Burghley House and its Garden of Surprises, Lincolnshire

Looking up the rill to the Water House

Looking up the rill to the Water House

Squeals of thrilled laughter and cries of surprise skip and hop over the top of the yew and hornbeam hedges, accompanied by a variety of sounds of water: the squirt, the jet and the pitter-patter as it hits the paving; hints of the delights awaiting us before we see them.

The Garden of Surprises at Burghley was conceived as a modern take on the Renaissance garden, and was inspired by descriptions of the original Lord Burghley’s (advisor to Elizabeth I) famous garden at Theobalds in Hertfordshire, which included concealed water tricks (known at the time as giochi d’acqua), mazes, statues, obelisks, a sundial and a grotto. The modern garden was created to add something for families and it certainly does that. Country houses can be stuffy places for kids; gardens are the natural vent to the energies than can get pent up inside grand state rooms, and this garden is the ultimate vent. Creating a garden to cater for this need is so much more original – and far more relevant – than investing in an adventure playground, as so many places do. To the garden historian it may be Renaissance–Lite, but it isn’t intended as a slavish copy and I don’t want to be too stuffy about it, because there are interesting modern references to Elizabethan garden devices, so there are gentle lessons in historic gardens to be learned here – and it really is also a lot of fun.

Making a dash through the shower-gateways

Making a dash through the shower-gateways

The garden is set in a rectangular plot and is sub-divided into compartments either side of a central rill, which steps gradually down a gentle slope and runs between the Water House and the Grotto. The Water House contains furniture seemingly made of water; the sort of clever trick the Elizabethans would have loved. The Grotto at the lower end of the garden has a statue of Neptune and is decorated with a few shells stuck on the walls (to me a bit of a disappointment). As one enters the garden you come immediately into an area with three jets which shoot up from the paving. Unlike some of their Elizabethan counterparts, which were set off to soak the unexpecting visitor, these seemed to be going all the time, so they were not really a surprise. As my children started by splashing each other and escalated to running through them, I realised that there was no way they were going to get just-a-little-bit wet.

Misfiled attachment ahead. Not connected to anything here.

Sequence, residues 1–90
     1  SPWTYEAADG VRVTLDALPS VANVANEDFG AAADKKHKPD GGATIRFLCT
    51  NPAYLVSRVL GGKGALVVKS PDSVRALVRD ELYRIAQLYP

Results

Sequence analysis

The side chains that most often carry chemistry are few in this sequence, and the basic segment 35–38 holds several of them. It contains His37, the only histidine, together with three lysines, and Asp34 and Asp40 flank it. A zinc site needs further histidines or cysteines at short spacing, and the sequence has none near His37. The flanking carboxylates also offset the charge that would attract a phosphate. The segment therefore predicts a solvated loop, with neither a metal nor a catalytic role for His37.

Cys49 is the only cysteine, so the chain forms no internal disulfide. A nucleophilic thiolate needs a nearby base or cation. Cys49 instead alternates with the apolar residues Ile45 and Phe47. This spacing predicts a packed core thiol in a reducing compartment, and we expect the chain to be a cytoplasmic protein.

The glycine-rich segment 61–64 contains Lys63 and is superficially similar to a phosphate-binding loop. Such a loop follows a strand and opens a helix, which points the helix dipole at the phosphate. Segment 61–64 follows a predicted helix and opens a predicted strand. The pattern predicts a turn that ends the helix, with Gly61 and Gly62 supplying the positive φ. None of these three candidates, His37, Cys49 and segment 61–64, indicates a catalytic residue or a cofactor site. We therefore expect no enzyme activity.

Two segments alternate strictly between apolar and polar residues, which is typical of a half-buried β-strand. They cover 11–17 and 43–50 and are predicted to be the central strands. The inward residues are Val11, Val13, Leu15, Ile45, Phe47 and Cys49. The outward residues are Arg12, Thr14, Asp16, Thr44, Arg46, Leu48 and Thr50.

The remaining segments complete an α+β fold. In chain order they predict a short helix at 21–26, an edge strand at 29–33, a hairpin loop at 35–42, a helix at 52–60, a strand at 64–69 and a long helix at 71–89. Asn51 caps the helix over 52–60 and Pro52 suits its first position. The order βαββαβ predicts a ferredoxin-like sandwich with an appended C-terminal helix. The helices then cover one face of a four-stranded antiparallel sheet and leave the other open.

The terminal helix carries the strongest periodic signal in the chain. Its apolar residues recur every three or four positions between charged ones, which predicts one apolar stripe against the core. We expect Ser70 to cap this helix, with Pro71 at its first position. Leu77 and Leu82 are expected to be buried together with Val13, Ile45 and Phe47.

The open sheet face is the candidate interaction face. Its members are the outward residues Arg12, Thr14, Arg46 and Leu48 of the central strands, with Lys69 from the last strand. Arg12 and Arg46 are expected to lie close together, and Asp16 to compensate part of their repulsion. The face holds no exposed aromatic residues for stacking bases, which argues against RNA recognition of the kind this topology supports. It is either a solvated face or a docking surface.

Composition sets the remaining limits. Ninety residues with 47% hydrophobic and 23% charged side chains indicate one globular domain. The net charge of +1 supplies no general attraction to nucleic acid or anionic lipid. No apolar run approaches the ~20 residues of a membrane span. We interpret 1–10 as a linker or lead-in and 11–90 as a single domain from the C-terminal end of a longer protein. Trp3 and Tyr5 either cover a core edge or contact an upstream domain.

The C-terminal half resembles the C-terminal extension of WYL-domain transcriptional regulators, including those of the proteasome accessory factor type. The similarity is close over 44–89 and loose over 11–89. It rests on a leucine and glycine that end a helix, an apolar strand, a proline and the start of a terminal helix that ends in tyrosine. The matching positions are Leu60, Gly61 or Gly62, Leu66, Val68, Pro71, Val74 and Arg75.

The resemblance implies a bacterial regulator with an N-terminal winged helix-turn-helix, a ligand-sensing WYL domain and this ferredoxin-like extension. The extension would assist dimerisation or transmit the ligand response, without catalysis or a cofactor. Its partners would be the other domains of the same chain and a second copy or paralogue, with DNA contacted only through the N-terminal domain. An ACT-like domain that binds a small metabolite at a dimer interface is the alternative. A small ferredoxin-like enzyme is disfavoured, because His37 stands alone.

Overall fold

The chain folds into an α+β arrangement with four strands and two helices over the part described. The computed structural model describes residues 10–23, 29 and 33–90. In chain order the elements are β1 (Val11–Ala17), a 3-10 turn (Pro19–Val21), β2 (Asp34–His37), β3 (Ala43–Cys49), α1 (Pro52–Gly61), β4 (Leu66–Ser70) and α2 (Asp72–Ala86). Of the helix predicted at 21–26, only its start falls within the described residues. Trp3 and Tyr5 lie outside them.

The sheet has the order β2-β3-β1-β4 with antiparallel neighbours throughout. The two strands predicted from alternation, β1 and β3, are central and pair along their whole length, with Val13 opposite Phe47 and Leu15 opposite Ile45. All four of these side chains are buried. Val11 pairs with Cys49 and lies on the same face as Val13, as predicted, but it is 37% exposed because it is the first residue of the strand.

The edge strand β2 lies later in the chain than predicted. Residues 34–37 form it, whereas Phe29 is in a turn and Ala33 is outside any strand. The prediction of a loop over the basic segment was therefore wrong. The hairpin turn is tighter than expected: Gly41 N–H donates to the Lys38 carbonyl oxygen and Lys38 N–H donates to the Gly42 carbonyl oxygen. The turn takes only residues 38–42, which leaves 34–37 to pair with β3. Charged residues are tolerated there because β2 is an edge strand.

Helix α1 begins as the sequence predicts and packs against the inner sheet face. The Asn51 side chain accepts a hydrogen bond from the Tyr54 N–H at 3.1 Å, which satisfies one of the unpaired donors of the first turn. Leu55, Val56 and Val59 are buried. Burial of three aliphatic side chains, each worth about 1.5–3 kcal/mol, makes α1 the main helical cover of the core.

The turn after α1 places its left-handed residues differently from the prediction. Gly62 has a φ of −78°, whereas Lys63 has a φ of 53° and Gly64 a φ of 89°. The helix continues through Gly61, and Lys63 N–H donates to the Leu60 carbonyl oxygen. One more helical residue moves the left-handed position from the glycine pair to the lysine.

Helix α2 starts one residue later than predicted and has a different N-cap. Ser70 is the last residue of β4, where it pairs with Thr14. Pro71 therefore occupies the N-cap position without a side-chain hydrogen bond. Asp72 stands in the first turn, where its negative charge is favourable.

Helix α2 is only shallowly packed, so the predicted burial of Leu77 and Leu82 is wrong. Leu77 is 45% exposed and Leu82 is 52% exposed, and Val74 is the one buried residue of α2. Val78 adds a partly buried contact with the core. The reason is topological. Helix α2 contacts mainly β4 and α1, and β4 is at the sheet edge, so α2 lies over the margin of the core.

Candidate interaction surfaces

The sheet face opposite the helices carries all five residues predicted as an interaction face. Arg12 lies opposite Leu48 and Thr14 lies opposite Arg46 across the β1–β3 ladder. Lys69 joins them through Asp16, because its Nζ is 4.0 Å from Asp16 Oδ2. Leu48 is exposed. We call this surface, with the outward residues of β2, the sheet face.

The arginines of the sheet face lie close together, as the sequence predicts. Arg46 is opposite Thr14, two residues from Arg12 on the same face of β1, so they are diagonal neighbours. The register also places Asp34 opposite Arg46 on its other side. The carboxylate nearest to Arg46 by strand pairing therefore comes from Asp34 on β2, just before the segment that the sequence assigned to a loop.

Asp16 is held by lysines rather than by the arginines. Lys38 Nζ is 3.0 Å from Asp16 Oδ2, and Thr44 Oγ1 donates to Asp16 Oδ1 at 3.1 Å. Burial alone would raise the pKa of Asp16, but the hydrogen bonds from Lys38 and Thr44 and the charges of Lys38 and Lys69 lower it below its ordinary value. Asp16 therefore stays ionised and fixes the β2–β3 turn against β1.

Playing in the jets in the circular yew compartments

Playing in the jets in the circular yew compartments

After this one reaches an area in the centre at the top of the garden which is a complex of fences with gateways through them. Periodically the gateways turn into showers. But you would have to visit the garden on a very quiet day and be pretty unobservant to be caught by them unintentionally, so they are not much of a surprise either. By this point my kids were completely saturated and I understood why other people’s children were in wet suits.

The boys loved the round yew compartments with the single jet in the centre which they could run through or sit on, or direct with a carefully placed foot, even more than the area they call the Paddling Pool. This isn’t really a pool, but a grid of 15 jets set in a paved area with benches for the grown ups to sit back and watch the further saturation. No historic references here, just pure soaking-wet fun.

One of the Heads of the Roman Emperors

One of the Heads of the Roman Emperors